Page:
All non-essential travel into France from outside Europe has been banned during the coronavirus pandemic, but from July 1st the European Commission is looking at a phased reopening of the borders for non-European travel.
But the Commission will be taking into account each country's health situation and a leaked early draft of the country list suggests that the USA – which is still reporting high numbers of cases – will remain on the banned list while travellers from countries like Canada, Australia and New Zealand will be allowed in.
The EU's plan is only a recommendation and the final decision rests with each country, which means that France has a difficult balance to strike between health concerns and the needs of its tourist industry.
Here's a look at the role that American tourists play in France.
Tourism plays a big part in the French economy, with 9.7 percent of GDP coming from tourism of all types. Of that income – 30 percent comes from international visitors and 70 percent from domestic tourism. Staycations are a big thing in France, with many French people opting to spend their summers by the French coastline or in the countryside. It is expected that this year this will be even higher than normal with health fears about travel.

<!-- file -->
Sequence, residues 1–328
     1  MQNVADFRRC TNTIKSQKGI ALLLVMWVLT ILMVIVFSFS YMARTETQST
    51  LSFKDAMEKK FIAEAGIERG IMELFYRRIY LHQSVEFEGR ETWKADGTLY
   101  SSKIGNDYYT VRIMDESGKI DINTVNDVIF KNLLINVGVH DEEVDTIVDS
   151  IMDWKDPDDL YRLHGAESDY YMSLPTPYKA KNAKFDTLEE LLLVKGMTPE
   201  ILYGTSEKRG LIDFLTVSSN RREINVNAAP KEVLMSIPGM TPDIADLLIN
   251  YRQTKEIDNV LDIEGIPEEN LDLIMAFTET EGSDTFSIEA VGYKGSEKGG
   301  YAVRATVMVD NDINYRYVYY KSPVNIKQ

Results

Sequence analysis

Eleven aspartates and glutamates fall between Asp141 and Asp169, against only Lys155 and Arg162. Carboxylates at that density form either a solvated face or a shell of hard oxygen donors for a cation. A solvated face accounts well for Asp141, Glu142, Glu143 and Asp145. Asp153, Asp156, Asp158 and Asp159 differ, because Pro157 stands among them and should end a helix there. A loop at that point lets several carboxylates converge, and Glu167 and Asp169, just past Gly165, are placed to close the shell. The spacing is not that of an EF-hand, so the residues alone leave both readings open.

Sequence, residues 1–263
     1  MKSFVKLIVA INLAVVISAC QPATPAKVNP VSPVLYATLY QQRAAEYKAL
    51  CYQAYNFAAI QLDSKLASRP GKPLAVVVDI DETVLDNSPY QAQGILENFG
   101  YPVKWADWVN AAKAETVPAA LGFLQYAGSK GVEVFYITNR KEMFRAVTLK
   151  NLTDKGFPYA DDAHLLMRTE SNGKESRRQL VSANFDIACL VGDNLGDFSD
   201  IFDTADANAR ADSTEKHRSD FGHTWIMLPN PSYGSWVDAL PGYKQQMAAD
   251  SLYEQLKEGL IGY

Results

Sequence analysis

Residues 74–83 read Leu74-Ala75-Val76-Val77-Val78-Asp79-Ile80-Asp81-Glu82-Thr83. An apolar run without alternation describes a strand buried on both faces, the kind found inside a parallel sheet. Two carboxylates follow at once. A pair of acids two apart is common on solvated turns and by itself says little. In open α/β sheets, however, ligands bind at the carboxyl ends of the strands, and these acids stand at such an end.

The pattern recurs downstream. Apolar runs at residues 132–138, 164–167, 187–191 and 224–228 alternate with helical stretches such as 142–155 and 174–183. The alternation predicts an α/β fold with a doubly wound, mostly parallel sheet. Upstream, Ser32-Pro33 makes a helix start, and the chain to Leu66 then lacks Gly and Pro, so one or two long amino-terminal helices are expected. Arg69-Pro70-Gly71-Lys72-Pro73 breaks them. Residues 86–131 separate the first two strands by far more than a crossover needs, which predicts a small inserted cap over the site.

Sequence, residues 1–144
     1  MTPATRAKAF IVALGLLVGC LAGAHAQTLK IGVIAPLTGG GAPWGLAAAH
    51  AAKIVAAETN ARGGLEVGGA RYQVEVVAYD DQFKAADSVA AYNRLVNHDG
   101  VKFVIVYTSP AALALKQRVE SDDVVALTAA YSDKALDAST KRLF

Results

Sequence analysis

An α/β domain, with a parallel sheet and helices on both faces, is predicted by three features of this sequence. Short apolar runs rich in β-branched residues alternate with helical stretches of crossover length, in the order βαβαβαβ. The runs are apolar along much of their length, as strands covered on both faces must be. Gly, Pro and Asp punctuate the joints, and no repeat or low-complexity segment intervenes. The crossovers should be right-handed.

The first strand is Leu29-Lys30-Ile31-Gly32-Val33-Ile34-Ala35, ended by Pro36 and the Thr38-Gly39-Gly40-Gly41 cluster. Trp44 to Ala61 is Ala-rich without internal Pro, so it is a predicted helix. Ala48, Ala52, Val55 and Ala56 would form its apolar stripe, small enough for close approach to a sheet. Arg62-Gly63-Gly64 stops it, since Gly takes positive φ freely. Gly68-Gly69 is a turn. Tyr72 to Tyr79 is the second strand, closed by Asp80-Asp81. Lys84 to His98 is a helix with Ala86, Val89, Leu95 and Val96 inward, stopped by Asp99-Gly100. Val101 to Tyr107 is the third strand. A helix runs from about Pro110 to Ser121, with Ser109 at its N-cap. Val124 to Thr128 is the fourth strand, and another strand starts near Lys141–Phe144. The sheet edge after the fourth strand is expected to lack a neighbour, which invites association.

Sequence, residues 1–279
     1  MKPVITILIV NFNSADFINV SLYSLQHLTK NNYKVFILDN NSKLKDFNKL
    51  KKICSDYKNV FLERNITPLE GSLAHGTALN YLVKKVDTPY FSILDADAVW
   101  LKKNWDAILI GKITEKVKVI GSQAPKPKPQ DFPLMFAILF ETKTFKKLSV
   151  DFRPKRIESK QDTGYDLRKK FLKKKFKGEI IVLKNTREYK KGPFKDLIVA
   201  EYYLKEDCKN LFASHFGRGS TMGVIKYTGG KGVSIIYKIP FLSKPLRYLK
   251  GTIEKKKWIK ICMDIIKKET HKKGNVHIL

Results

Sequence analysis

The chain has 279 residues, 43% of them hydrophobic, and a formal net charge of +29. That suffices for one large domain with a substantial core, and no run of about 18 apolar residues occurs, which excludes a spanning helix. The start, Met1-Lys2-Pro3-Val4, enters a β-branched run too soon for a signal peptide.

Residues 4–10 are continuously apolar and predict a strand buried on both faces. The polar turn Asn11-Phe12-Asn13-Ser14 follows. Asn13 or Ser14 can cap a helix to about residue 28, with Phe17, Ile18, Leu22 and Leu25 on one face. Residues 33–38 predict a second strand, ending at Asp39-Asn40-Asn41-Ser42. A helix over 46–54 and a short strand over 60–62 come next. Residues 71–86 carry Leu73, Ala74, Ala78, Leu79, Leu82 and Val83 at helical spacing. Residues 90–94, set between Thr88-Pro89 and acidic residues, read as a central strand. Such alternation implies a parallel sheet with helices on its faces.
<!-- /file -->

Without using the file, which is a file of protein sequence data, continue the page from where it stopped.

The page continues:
Jobs are supported by tourism of all kinds in France.
Million Americans arrived in France in 2019, a 6.3 percent increase on the previous year. In total in 2019, France welcomed 90 million international visitors – 79 percent of whom were Europeans – making it a record year for visitors, despite fears that 'yellow vest' protests would lead to tourists staying away.
France is the second most popular European destination for Americans, just pipped to the post by Italy.
Département number 75 – more usually known as Paris – is the number one destination for American visitors but the stunning coastline of the Côte d'Azur is also popular as are the cities of Bordeaux and Lyon.
For many Americans a short trip is not enough and latest data from French national statistics body INSEE shows 31,000 Americans registered for permanent residency in France. The real number of Americans living here is much higher, however – probably nearer 100,000 including students, posted workers and people on extended stays.
Americans are the third biggest international tourist group in France after visitors from the EU (which for this data still includes the UK) and Switzerland.
The average budget for an American on a trip to Europe is $1,978 (€1,749) of which 27 percent is for accommodation (hotels in 63 percent of cases), 20 percent for the flight, and 17 percent for food and beverages.